My new accountant and I sat down in his office and we talked at length about my dream salon. During this period, I had stars in my eyes only thinking of the glamorous side of salon ownership. You know the same way that you dream of falling in love and everything is just perfect. You can’t imagine the romance ever ending. Well, it was kind of like that when I thought of owning my own salon. However, my accountant introduced me to a bit of reality. Along with owning a salon came lots of responsibility. You don’t just say, “I’m opening a salon” without a plan. At least you don’t do it if you want to be successful. I learned that I had to first make a plan, then work the plan. He said it was sort of like a roadmap. You outline where you wanted to go, when you were going, how long it was going to take you to get there, and what you were going to do when you got there. When he painted the picture of the work that needed to be done, my heart skipped in fear. It was the fear of the unknown. Luckily, he said he would be there to guide me.
If the thought of business planning scares you, you are not alone. I remember when we created my first business plan way back in 1989, my accountant told me that he wanted my plan to be two-inches thick. He wanted a projected balance sheet, profit and loss statements, narratives, furniture and equipment list, and more. I could not imagine where to start! He introduced me to the professor of a business class at Indiana University NW who used my project as a class project. They performed most of the groundwork that included market competition analysis, and demographics, they checked out computer systems and programs, helped with inventory selection and control and more. One of the student architects that attended my church drew the rendering of my salon store front and floor plan and also teamed up with my dad, the builder/carpenter to bring my salon to reality. In the end, my plan actually was about two inches thick.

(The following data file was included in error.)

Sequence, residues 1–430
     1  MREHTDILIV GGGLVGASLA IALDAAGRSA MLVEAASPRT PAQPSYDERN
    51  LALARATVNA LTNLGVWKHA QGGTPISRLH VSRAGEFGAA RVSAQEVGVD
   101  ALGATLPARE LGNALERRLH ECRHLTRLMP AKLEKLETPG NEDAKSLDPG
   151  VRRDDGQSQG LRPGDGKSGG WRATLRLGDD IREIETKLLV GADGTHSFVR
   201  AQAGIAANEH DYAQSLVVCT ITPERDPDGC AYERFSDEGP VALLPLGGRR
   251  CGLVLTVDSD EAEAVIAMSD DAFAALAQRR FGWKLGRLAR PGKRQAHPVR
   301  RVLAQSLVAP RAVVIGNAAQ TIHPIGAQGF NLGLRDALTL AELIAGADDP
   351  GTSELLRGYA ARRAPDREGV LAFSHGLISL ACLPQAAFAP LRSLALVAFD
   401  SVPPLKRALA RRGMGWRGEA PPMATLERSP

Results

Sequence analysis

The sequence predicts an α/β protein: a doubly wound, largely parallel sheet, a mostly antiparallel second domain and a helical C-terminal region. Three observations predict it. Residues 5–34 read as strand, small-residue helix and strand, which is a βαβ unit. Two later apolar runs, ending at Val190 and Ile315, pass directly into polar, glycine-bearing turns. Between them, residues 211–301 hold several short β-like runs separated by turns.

That was a lot of work required because I was seeking a guaranteed loan through the SBA. They wanted to see 12-month, 36-month, and 5-year projections and the navel from my first child…I’m just kidding.
There is still a lot of work involved in planning a business, however, but if it is your dream to own a business, the business plan is the foundation. Every business must have a foundation in order to be successful. You want your plan to work for your business so that you can spend time doing what you came to do…operate the business without worry, and enjoy the fruits of your labor. A business plan is necessary even if you are not trying to attract investors. It is vital to provide direction for you and your staff in order for your business to grow. You want to describe what I call the five P’s: Your Purpose, Your People, Your Products, Your Promotion, and Your Profits.